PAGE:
But today, the private sector is offering better products. The Smart Cities Week conference in Washington, DC recently highlighted some of these advances, which range from programs to optimize transit systems (in order to speed up services and reduce the need for investment in hard infrastructure), to Uber-style trash pick-up that allows private waste management companies to electronically compete over who will empty a just-filled dumpster quickest and cheapest. Far from the expensive and resource-intensive pipe dreams that many have ascribed to these kinds of technological innovations (thus writing them off as impractical for the coming post-fossil fuel economy), most of these new products seem designed to reduce inefficiencies, lower costs, and minimize resource usage through precision monitoring and optimization.
Rather than making a key fiscal offering to cities in the form of large, up-front payments in exchange for the rights to take over ordinary city services (a useful tool for paying off debt, but a tough political sell given the high consumer payments needed to make the undertaking worthwhile to the private vendor), the private sector appears to have shifted its commitment towards making the case that technological advances can generate value on both sides of the equation. While the parking vendors in the initial privatization cases were hard-pressed to prove that they were able to offer services even on par with those of the cities’ existing systems, a commitment to research and development in urban scale technology is now allowing private vendors to offer services that are overwhelmingly more user-friendly, more efficient, and more advanced than municipal services.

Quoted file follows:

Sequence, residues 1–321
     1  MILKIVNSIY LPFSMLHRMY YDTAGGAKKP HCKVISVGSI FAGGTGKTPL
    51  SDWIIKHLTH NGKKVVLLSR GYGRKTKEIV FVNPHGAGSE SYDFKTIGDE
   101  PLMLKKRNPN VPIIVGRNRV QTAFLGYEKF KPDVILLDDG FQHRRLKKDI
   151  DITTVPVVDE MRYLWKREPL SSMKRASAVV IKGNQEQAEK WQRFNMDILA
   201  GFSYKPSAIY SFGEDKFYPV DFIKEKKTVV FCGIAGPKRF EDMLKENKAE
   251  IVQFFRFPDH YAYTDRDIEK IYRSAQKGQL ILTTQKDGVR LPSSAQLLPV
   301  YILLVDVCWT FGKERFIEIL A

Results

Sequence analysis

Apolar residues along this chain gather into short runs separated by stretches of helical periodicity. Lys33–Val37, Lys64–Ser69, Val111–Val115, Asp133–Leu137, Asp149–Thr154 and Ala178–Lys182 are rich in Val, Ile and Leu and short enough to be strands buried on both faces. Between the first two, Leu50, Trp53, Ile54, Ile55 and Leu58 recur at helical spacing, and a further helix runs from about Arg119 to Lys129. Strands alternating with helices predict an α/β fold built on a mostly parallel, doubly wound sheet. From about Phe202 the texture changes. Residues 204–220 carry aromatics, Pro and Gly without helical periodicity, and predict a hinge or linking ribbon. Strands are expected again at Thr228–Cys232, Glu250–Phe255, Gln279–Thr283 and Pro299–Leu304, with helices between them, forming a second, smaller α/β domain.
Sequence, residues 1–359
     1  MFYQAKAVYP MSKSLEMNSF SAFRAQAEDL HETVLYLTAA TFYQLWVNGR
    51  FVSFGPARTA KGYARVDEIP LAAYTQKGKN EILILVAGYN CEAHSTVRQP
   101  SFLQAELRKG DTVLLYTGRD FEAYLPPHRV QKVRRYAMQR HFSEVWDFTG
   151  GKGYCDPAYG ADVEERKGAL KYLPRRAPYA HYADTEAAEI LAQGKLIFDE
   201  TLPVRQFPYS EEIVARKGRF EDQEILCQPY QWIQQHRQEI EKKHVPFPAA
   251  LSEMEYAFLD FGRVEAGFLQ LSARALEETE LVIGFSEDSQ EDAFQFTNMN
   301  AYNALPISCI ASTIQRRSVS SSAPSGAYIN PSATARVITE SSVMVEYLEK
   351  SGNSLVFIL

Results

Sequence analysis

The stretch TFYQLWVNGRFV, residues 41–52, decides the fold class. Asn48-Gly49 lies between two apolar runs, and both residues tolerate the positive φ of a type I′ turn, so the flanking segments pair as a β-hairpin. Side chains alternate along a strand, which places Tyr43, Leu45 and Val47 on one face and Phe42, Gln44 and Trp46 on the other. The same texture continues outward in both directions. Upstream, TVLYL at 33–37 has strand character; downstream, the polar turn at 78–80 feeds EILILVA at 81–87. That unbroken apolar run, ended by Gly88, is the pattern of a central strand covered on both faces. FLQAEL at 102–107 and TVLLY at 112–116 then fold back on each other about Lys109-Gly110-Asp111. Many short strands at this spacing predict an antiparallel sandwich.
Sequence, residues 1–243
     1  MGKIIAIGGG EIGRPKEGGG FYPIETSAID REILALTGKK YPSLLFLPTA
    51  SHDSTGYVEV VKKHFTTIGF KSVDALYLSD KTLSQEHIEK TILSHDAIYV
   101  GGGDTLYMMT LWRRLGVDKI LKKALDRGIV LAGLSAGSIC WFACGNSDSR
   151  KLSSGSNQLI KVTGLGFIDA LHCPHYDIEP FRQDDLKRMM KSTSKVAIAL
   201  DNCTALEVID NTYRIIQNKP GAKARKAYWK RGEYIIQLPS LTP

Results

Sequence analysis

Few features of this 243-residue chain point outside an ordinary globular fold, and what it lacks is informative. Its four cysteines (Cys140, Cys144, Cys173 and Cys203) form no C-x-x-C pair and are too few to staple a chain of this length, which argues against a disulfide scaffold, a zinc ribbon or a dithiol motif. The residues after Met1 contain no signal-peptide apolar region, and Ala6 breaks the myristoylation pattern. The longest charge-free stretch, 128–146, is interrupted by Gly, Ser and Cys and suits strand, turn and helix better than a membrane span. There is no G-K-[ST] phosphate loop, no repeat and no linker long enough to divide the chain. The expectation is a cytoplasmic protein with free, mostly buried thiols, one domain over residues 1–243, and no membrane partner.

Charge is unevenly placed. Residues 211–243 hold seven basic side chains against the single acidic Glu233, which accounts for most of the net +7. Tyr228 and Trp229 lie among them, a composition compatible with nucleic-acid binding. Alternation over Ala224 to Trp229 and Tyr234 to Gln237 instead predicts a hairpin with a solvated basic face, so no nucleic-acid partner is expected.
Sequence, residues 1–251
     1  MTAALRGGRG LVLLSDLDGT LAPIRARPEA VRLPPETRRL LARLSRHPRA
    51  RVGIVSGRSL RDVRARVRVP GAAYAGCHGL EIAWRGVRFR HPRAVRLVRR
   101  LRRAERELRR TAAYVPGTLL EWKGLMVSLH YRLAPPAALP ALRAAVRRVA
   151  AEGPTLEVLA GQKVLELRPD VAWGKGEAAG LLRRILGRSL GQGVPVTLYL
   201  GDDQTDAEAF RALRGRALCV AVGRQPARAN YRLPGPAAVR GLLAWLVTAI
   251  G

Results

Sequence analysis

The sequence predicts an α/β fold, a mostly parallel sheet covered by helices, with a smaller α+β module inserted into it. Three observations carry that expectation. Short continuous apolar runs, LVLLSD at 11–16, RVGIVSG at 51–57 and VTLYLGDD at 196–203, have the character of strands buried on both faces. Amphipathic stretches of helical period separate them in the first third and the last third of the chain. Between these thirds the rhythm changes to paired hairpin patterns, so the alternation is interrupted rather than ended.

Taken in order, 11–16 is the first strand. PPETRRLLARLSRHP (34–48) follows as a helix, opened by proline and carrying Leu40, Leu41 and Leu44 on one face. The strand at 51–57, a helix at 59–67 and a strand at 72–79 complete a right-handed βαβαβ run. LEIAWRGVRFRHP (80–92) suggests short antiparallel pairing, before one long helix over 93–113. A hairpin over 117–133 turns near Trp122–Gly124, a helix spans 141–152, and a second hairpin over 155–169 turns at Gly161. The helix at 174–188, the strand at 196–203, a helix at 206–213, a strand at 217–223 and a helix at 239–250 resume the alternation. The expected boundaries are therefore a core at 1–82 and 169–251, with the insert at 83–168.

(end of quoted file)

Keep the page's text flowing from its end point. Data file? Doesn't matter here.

Because so much of the private-sector focus has been on optimizing network operations, the notion that private management is inevitably more expensive than city management is fast-becoming obsolete. The question has shifted away from whether a city that receives an up-front payment ends up with a greater rate of return than it otherwise would have, and more toward asking how much value the privatization of a service will create for the city’s residents. While up-front payments may still be juicy bait, the real meat lies in across-the-board cost savings and noticeably better service options quickly coming on line.
The answer to many of these questions seems clear. Who is going to accept coin-operated parking meters and confusing, impersonal signage instead of interactive, clear, and usable ones? Who will be satisfied with a 10-minute walk to an inefficient transit system if a self-driving car would come to his or her door for a similar price? Why would a city install conventional street lights if a private operator could more cheaply operate energy-efficient sensor-activated lighting that can simultaneously forestall crime through remote monitoring?